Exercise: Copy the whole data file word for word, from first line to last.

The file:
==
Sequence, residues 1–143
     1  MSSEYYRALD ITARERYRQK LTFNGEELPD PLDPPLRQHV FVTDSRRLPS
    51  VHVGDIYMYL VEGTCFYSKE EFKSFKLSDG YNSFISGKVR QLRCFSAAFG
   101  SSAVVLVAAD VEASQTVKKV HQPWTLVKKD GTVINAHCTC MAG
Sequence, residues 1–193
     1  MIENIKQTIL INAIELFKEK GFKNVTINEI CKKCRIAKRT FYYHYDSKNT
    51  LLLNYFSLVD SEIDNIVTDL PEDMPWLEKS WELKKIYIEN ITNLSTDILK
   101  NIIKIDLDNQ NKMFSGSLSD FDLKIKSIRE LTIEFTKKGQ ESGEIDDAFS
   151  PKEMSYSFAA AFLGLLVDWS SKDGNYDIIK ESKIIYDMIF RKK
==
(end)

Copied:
Sequence, residues 1–143
     1  MSSEYYRALD ITARERYRQK LTFNGEELPD PLDPPLRQHV FVTDSRRLPS
    51  VHVGDIYMYL VEGTCFYSKE EFKSFKLSDG YNSFISGKVR QLRCFSAAFG
   101  SSAVVLVAAD VEASQTVKKV HQPWTLVKKD GTVINAHCTC MAG
Sequence, residues 1–193
     1  MIENIKQTIL INAIELFKEK GFKNVTINEI CKKCRIAKRT FYYHYDSKNT
    51  LLLNYFSLVD SEIDNIVTDL PEDMPWLEKS WELKKIYIEN ITNLSTDILK
   101  NIIKIDLDNQ NKMFSGSLSD FDLKIKSIRE LTIEFTKKGQ ESGEIDDAFS
   151  PKEMSYSFAA AFLGLLVDWS SKDGNYDIIK ESKIIYDMIF RKK